The UK Government has confirmed that it will extend to the private sector tax rules designed to target tax avoidance by contractors who operate through an intermediary personal service company (PSC). The UK Government has announced that new “off-payroll working” tax rules (commonly known as IR35) will apply to the private sector from April 2020. The move will shift responsibility for determining the tax status of individuals who personally provide services through an intermediary personal service company from that PSC to the end user client. The IR35 rules apply if An individual personally performs services for a client, or is obliged to do so Those services are provided under arrangements involving an “intermediary”, i.e., the arrangement for the provision of the services is made between the client (or an agent on its behalf) and the PSC, rather than between the client and the individual; and The individual would be regarded as an employee or office-holder,...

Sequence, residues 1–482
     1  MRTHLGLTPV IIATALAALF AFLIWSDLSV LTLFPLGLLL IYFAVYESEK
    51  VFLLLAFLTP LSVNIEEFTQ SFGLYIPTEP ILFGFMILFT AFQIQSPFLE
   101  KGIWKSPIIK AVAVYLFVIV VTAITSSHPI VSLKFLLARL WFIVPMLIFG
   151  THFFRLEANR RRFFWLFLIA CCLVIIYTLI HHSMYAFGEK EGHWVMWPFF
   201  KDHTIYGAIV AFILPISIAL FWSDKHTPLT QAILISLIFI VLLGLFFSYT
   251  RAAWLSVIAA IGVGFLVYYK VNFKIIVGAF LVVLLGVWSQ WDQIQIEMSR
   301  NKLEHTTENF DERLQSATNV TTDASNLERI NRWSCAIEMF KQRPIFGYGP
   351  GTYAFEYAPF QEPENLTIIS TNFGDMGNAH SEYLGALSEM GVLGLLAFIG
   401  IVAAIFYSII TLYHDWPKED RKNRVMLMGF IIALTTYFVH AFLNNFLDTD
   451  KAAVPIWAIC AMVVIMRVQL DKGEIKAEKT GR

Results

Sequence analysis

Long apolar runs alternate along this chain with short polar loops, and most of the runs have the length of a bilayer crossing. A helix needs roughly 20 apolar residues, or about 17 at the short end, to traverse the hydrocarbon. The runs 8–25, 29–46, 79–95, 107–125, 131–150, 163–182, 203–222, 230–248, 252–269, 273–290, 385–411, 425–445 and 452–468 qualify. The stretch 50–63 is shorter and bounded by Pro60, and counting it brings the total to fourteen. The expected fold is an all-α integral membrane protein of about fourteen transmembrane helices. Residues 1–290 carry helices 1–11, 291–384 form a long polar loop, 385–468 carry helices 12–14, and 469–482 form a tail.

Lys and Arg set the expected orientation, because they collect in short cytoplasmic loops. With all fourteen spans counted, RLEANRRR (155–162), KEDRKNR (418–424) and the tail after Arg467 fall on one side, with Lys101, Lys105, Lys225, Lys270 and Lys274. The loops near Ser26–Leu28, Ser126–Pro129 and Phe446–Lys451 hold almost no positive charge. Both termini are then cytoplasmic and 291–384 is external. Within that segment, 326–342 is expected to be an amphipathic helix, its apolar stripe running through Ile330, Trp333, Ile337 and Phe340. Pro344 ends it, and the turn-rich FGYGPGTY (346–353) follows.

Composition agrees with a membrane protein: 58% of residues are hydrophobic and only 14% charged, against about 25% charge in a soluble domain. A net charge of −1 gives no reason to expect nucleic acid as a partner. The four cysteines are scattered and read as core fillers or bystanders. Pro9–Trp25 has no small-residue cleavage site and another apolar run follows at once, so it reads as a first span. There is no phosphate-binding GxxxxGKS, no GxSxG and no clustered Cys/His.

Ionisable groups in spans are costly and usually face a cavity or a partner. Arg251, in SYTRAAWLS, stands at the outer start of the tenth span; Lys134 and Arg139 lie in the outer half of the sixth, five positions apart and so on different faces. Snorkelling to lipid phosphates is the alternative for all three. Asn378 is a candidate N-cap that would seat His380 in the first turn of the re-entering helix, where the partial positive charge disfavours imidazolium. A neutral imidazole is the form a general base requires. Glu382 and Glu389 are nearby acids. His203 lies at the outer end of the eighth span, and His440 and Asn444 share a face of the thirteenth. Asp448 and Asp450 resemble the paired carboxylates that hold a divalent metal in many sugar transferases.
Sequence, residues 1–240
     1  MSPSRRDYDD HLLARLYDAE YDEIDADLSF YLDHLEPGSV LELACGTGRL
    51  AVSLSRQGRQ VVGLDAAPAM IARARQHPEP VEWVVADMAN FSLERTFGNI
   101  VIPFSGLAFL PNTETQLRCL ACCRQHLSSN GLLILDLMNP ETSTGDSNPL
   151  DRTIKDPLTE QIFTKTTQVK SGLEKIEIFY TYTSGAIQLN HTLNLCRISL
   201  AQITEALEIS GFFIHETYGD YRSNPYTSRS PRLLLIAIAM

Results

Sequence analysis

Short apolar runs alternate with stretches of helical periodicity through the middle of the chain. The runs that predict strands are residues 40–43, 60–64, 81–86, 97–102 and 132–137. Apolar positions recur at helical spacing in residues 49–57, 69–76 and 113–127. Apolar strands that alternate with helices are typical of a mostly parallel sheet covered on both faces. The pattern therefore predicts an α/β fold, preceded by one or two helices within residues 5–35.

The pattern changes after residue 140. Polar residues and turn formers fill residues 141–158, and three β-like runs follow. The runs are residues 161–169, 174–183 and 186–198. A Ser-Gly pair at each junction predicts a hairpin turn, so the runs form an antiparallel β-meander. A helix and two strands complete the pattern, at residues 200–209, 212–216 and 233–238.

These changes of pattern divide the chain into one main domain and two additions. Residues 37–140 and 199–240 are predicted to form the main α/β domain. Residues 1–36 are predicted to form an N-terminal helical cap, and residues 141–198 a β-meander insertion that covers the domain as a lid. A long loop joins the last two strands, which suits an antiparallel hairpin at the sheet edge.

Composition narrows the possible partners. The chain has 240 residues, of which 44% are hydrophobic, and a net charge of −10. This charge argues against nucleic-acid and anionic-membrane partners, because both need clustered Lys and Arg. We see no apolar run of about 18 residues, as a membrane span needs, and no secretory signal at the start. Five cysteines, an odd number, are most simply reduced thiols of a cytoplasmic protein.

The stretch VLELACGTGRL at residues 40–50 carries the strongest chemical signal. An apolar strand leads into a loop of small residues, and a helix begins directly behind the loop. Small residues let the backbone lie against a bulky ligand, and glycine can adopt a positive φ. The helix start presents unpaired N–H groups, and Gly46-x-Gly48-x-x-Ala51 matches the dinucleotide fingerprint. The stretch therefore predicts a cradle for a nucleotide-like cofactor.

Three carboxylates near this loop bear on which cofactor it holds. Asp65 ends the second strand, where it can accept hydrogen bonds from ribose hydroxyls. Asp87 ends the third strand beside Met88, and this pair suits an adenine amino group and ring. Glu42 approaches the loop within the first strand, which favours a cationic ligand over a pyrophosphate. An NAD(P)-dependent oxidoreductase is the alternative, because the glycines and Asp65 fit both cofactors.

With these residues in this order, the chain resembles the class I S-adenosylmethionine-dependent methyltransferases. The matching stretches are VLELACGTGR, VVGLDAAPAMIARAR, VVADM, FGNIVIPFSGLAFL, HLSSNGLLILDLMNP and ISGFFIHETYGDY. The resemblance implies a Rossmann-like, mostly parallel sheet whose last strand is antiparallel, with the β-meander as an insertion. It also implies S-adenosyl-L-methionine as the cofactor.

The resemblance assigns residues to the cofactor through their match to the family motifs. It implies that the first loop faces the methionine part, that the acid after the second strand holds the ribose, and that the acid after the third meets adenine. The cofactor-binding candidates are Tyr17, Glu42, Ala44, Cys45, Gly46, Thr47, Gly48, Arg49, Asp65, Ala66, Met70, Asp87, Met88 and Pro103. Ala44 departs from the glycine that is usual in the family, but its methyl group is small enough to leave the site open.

Continue Reading

Responses to Gender Pay Inequity: A Quick World Tour

Most major jurisdictions have pay equity laws, but their approach is far from uniform. Global companies need to evaluate compliance with these laws on a country-by-country basis whilst simultaneously addressing their compensation policies globally. A sample of the rules across several countries helps to identify trends that can drive effective global policies. Australia The Australian Workplace Gender Equality Act of 2012 mandates equal pay for equivalent or comparable work. There are annual reporting requirements for employers with 100 or more employees. Those reports must include the following indicators: gender composition of the workforce, gender composition of governing bodies, and equal compensation between men and women. Employers are penalised by being publicly named if they fail to lodge a public report on time, or inform employees or other stakeholders that a public report was lodged, or give the requested compliance data under the Act. Canada The...